Behavior Signals

  • “Playing it safe” or “being nice” by being unwilling to challenge and be challenged.
  • Resisting any change efforts, disengaging, and being reluctant to disclose and share authentically what is really going on for them.
  • Unwillingness to take risks.
  • Shying away from engaging with their partners, families, colleagues, group activities, and from having candid conversations.
  • Being overtly indecisive and non-committal.

Neurological State Signals

  • Increased anxiety and “attention deficit” syndrome.
  • Low motivation and self-confidence.
  • Diminished ability to self-regulate and self-control.
  • Diminished self-efficacy and self-concept.
  • Onslaught of the creeping doubts and the imposter syndrome.

Extrinsic or Environmental Signals Occur When Fearful of Perception of Others

  • Performing poorly, making mistakes, or failing.
  • Fearful of doing too well, or in being too successful.
  • Losing control, status, or role.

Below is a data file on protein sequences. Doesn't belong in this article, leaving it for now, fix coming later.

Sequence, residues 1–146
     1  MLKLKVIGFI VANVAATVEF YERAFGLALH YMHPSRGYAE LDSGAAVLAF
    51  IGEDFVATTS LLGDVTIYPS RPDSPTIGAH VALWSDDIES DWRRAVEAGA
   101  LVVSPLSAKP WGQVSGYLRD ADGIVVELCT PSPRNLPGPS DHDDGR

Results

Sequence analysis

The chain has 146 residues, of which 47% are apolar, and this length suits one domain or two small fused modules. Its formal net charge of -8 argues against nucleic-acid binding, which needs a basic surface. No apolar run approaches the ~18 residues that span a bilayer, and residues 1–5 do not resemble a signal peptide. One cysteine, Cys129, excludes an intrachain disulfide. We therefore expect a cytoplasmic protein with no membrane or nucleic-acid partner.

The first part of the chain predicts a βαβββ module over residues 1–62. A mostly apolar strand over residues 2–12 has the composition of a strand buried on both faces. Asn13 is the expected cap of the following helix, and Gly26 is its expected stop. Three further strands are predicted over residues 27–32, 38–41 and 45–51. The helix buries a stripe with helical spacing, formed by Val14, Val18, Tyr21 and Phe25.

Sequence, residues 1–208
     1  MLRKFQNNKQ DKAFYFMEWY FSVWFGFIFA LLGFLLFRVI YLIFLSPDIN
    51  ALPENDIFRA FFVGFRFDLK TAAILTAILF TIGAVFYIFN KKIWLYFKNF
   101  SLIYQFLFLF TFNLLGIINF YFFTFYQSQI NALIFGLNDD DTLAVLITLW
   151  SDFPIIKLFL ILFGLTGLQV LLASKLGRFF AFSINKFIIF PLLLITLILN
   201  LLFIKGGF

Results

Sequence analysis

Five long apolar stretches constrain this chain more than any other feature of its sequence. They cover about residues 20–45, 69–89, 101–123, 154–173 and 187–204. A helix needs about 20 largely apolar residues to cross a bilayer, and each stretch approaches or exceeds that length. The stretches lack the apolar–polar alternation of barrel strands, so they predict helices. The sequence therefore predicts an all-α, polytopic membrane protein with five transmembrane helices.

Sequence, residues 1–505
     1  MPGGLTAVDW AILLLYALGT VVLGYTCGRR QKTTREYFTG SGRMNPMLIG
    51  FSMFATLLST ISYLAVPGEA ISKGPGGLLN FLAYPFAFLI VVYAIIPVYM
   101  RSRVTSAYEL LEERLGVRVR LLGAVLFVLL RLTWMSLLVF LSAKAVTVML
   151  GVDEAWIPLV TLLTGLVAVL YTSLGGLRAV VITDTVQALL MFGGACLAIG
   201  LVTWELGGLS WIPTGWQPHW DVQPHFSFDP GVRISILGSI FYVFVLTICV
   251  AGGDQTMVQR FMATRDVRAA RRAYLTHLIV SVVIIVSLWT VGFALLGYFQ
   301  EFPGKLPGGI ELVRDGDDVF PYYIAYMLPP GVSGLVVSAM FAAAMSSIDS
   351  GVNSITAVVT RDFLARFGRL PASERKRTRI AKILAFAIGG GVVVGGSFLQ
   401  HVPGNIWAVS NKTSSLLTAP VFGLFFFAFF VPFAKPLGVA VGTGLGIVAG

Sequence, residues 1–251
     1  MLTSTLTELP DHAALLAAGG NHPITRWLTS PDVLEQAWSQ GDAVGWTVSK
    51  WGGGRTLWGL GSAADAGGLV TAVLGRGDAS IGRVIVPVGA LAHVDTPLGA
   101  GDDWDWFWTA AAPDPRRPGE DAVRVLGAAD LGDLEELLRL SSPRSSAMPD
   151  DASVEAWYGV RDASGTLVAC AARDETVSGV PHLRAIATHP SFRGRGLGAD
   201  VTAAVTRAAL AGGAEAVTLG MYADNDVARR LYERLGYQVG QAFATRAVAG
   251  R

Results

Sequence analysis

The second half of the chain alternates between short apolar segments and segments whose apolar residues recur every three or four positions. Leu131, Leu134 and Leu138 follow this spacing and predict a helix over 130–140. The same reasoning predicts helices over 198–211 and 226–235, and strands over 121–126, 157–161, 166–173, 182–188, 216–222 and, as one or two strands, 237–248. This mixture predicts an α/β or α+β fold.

• Looking stupid, or being disapproved of.
  • Avoids conflict situations.

Fear of Success Signals

Some of us are unconsciously afraid of success, because irrationally we secretly believe that we are not worthy of it and don’t deserve it, and then self-sabotage our chances of success!

  • Being shy, introverted, and uncomfortable in the spotlight.
  • Being publicly successful brings social or emotional isolation.
  • Alienating peers as a result of achievement.
  • People may think you’re self-promoting.
  • Being perceived as a “tall poppy”.
  • Believing that success may not be all it’s cracked up to be, and that it might change you, but not for the better.

Fear of Failure Signals

Some people’s motivation to avoid failure often exceeds their motivation to succeed, which can cause them to unconsciously sabotage their chances of success.

  • Cognitive biases or irrational beliefs act as filters distorting reality.